In Europe, due to continued religious wars, civil peace and stability could only be ensured by a separation between state and church, which resulted in the end of state-pursued religious goals. The European state system became based on the separation of religion from state affairs, which made secularism modernity’s constitutive feature. Starting from this European experience, scholars and philosophers such as August Comte, Emile Durkheim, Max Weber and Karl Marx prophesied beforehand an inevitable shift from the traditional to the modern; a transformation from religious superstitions to the superiority of rationality; from a deeply hierarchical status-based society to a rights-based and impersonal society, with the inclusion and integration of the people as citizens into political processes of decision-making.
The secularisation thesis however faced a serious crisis with the unforeseen and perplexing development of the so-called „resurgence of religion“, i.e. the rise of political actors wanting to fashion their own political, economic and social systems based on - again, their own - ethico-social heritage and ontological and epistemological foundations.
Momentous historical events in international relations such as the Iranian Revolution, the rise of solidarity and the Polish Revolution, and the tragedy of September 11, 2001 led scholars to rethink the “illusion” of the secularisation project that reduced the world to what can be perceived and controlled through reason, science and technology and excluded the sacred, the religious, the spiritual and the traditional. The new term ‘post-secularism’ entered the fray, challenging the too narrow Eurocentric – or rather absolutist - perspective of the secularisation theory as a universal teleological process of human and societal development, analysing and explaining the genealogy of the secular, and opening up the possibility of multiple paths to secularity.
The Origins of Secularism in the Enlightenment Period
The term secular, which is derived from the Latin saeculum, implied a marked dual connotation of space and time, referring to ‘this time’ or ‘now, present’ and ‘this world’ or ‘worldly’. The existence of a sacred-profane division in Latin Christendom, the two spheres of ‘this world’ – ‘the religious’ and ‘the secular’ - both claiming to dominate an autonomous sphere, often caused and opened tensions and conflicts between the two realms – the ‘investiture’ conflicts being the unambiguous manifestation of these omnipresent conflicts - so that necessarily ending this dualism by subordinating the one under the other was the imperative for centuries. Additionally to this horizontal and spatial division of ‘this world’ into two autonomous categories, there was also a vertical temporal division between ‘the other world’ (heaven) and ‘this world’, drawing a tripartite division of what we perceive as reality. This division was politically translated into the transcendental City of God (Heavenly Kingdom), its ecclesiastical clerical embodiment on earth (Church, Papal Kingdom) and the City of Man (the Holy Roman Empire). Secularization was the historical process of the breakdown of this dualist horizontal division of ‘this world’; ‘the other world’ was left to the convictional choice of the individual and was therefore repressed into the private sphere.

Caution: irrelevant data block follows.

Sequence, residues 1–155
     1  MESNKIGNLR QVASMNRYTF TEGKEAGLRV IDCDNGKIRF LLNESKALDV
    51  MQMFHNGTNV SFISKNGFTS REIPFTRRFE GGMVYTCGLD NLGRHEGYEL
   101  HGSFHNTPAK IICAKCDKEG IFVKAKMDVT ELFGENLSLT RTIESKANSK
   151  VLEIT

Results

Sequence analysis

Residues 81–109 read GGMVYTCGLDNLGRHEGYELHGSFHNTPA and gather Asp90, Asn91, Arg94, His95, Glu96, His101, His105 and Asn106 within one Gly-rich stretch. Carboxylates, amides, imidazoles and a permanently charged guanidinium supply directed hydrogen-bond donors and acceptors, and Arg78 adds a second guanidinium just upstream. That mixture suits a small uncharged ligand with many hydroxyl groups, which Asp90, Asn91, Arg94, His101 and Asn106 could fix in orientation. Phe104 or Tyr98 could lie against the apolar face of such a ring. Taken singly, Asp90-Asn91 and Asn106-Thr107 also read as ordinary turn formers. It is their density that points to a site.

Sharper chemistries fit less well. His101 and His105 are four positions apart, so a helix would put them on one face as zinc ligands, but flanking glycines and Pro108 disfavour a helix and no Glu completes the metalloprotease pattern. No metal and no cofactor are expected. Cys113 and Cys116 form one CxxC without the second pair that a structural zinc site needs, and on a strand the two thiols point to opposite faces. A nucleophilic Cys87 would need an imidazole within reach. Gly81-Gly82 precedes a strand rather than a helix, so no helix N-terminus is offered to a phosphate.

Having suffered from perpetual religious wars up until the Peace of Westphalia, Europe went through a historical turning point both in philosophical as well as political terms in the 17th century, referred to conventionally as the Age of Enlightenment. Authoritarian religious institutions and rulers were regarded as weakening or at least stagnating scientific research and development. Thus, determined to fight religious bigotry and indoctrination, prominent thinkers such as Thomas Hobbes, René Descartes, David Hume and Immanuel Kant were ambitious in creating a philosophical foundation for “secular” moral values.
During the period of enlightenment, several meanings were added to the term “secular”, so as to refer to a condition or value that was independent from “the religious”, including rationality, individual autonomy and progress. In the 19th century, seminal social thinkers – Friedrich Nietzsche, August Comte, Herbert Spencer, Emile Durkheim, Max Weber, Karl Marx, and Sigmund Freud – trumpeted the “death of God”, believing that religion would gradually lose significance and the sacred would disappear altogether, since rationalisation, industrialisation and values such as individual sovereignty, democracy, tolerance and economic progress permeated all spheres of life. The institutional and philosophical secularisation and the ultimate demise of religion were strongly assumed to be intrinsically interrelated components of a single universal teleological process of human development.
Concerning the definition of secularism (or we should rather use the term “secularisation, as an analytical conceptualisation of modern world-historical processes”), different types of categories were subordinated to this concept. Having the broad body and multidimensional formation of the concept of secularism in mind, we can disaggregate it into three different constituents as Casanova does. Politically, the term implied the removal of religious domination from the public sphere and political authority and the transferral of political functions and institutions from the church to that of state (de-sacralisation of politics); socially and entrepreneurially it suggested a this-worldly orientation and the supremacy of individual reason and science in constructing society (de-consecration of values); and philosophically, the liberation of man from “religious and metaphysical control over his reason, the breaking of all supernatural myths and sacred symbols” and an intellectual disenchantment from the magical image of the world through the theoretical mastery of nature with rationalisation (disenchantment of nature).